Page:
16 December 2019 by Joshua Doherty

NLWA ‘disappointed’ over Bywaters withdrawal

The North London Waste Authority (NLWA) released a statement today (16 December) expressing disappointment that recycling firm Bywaters is “unable to honour” a contract awarded for processing the authority’s dry recyclables.

In July, the NLWA awarded renewed contracts, believed to be worth circa £90 million, to Biffa and Bywaters for the processing of mixed dry recyclables which were due to start today.

Inside the Bywaters MRF in East London

Both businesses had previously carried out recycling work for the Authority.

The deal was split between ten lots, with eight going to Biffa and the other two going to Bywaters (see letsrecycle.com story). It will initially run until 2025, with the option to extend by another five years.

Changes

However, in the statement, the Authority said that after “several months of co-operation in preparation for the contract start”, Bywaters approached the Authority in December seeking changes to the contract.

“The Authority made clear that the proposals were not acceptable, and therefore the contract with them will not be implemented,” the statement notes.

The lots which were awarded to Biffa come into effect today, and the NLWA said the operation of the new service will “begin as planned.”

Bywaters

It is understood that Bywaters reassessed the impact of the contract before it started in light of a number of factors which are thought to relate to the quality of material, markets pricing risk and the cost of sorting and consequently sought more flexibility under the contract terms.

And, Bywaters emphasised today that it “remains willing to receive material from the NLWA”.

Capacity

The Authority said it has sufficient capacity in its recycling contract in the short term to ensure that service delivery will not be affected in light of the Bywaters’ decision. In the New Year, the Authority will consider whether it needs to explore other options to meets its recycling capacity requirements.

Biffa’s Edmonton MRF

The NLWA is made up of seven boroughs in North London – Barnet, Camden, Enfield, Hackney, Haringey, Islington and Waltham Forest.

Continuation

In this morning’s statement, Andrew O’Connor, head of strategy and services at NLWA, said: “Today marks the continuation of a long and productive partnership with Biffa. The new contract will help the Authority push ahead with activity to encourage greater recycling in north London,” he said.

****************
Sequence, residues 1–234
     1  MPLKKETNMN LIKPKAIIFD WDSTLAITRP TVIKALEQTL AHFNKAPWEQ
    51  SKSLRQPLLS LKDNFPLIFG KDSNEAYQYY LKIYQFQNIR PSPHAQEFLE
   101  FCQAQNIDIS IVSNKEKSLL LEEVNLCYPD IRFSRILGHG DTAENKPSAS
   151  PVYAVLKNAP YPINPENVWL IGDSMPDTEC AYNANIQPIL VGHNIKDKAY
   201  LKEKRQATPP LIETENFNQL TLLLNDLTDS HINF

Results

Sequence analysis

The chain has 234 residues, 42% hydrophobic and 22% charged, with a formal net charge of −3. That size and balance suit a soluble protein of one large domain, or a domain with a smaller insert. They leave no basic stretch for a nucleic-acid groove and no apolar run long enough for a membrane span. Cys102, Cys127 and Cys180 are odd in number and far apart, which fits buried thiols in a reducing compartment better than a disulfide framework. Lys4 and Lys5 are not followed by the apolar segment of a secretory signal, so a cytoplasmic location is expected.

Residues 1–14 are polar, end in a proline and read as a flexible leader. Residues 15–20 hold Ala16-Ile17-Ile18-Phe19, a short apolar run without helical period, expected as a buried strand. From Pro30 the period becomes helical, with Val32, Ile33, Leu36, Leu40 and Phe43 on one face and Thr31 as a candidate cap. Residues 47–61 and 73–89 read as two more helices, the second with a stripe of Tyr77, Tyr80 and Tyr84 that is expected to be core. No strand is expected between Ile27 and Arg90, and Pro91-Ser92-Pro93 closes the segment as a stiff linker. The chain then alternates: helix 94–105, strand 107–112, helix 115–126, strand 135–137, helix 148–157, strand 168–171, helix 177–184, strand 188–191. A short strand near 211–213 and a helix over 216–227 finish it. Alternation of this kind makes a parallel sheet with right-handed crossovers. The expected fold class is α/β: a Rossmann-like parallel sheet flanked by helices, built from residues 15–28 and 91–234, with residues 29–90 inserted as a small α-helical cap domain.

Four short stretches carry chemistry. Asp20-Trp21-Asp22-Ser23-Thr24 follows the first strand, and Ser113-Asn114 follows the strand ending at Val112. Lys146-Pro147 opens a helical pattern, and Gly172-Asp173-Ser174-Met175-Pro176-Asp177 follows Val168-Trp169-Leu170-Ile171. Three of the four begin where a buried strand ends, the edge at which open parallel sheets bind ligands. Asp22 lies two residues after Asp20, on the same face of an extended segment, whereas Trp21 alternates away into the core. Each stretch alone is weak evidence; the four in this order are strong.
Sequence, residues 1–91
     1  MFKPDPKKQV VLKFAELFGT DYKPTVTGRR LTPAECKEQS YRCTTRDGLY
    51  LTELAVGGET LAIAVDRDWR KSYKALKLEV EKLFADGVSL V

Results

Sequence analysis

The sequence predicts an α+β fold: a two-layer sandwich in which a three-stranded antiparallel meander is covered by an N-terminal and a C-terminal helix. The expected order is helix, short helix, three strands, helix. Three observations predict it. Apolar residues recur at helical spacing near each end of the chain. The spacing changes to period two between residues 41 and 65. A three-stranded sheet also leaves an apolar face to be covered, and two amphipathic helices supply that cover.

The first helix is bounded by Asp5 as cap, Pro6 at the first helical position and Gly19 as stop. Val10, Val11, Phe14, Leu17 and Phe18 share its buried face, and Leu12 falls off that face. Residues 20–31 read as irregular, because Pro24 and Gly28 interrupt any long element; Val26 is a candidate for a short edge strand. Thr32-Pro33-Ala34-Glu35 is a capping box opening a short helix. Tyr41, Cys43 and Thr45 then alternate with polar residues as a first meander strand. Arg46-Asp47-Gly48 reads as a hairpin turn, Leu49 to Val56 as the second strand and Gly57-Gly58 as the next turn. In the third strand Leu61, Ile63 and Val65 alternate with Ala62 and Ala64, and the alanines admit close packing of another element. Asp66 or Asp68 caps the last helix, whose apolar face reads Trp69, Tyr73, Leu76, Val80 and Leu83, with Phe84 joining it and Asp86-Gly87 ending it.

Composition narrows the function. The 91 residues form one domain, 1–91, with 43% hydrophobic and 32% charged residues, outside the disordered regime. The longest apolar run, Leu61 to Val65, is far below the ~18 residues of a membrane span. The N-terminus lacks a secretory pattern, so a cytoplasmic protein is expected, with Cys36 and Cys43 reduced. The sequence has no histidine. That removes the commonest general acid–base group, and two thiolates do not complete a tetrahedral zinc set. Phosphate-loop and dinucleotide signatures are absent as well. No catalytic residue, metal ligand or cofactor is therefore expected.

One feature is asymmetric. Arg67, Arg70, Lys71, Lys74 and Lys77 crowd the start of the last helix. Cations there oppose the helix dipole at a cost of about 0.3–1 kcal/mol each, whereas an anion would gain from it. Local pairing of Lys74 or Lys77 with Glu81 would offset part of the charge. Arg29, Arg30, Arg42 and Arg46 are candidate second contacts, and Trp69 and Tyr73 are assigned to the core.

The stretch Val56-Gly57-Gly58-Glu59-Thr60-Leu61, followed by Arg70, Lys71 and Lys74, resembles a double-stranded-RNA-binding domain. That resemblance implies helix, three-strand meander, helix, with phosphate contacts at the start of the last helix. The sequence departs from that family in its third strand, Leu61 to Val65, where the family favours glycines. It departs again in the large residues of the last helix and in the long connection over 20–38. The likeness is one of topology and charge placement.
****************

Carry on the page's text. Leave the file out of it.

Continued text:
Mr O’Connor added: “The Authority tendered a series of contracts to achieve the recycling capacity required; it is extremely disappointing that Bywaters have indicated at this late stage that they are now unable to honour the contract awarded in July.”

Contract

As part of the contract announced in the summer, each lot was worth around  £8.9 million and involve handling between 9,000 to 15,000 tonnes of recyclable waste per year.

The contract will see Biffa process material at its Edmonton MRF, describing it as it’s “biggest ever” MRF contract, while Bywaters were due to process around 30,000 tonnes of material at its East London MRF.

Contamination

In recent months there was a court case brought by the Environment Agency against Biffa over the quality of recyclables exported from North London (see letsrecycle.com story).

One of the ‘bin your nappy’ campaign graphics

The quality of recyclables arising from NLWA residents is an ongoing issue and a campaign to stop nappies being placed in recycling was launched by Biffa and NLWA.

The chair of the NLWA, Councillor Clyde Loakes, said in July: “It’s hard to overestimate the scale of this unsavoury problem. We know parents want to do the right thing.  That’s why we’re asking parents to put used nappies in the general waste bin. Contamination of recycling damages the environment, is costly for taxpayers and leaves recycling centre staff having to remove soiled nappies by hand.”

Cllr Loakes said the cost of contaminated recycling in the borough wasaround £1.5 million, when he launched the ‘bin your nappy’ campaign in July (see letsrecycle.com story).

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